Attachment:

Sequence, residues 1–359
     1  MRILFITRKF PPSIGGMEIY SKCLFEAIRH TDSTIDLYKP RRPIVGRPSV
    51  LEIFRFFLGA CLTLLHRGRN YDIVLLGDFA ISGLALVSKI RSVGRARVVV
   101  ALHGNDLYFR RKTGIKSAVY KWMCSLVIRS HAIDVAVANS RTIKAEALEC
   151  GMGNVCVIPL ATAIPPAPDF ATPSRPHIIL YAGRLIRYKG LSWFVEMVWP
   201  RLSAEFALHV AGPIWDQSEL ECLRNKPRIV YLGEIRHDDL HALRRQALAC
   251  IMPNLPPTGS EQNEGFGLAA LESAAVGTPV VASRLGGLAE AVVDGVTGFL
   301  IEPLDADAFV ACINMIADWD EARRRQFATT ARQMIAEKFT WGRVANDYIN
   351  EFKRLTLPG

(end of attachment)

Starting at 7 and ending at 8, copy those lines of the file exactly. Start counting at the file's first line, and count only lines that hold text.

   251  IMPNLPPTGS EQNEGFGLAA LESAAVGTPV VASRLGGLAE AVVDGVTGFL
   301  IEPLDADAFV ACINMIADWD EARRRQFATT ARQMIAEKFT WGRVANDYIN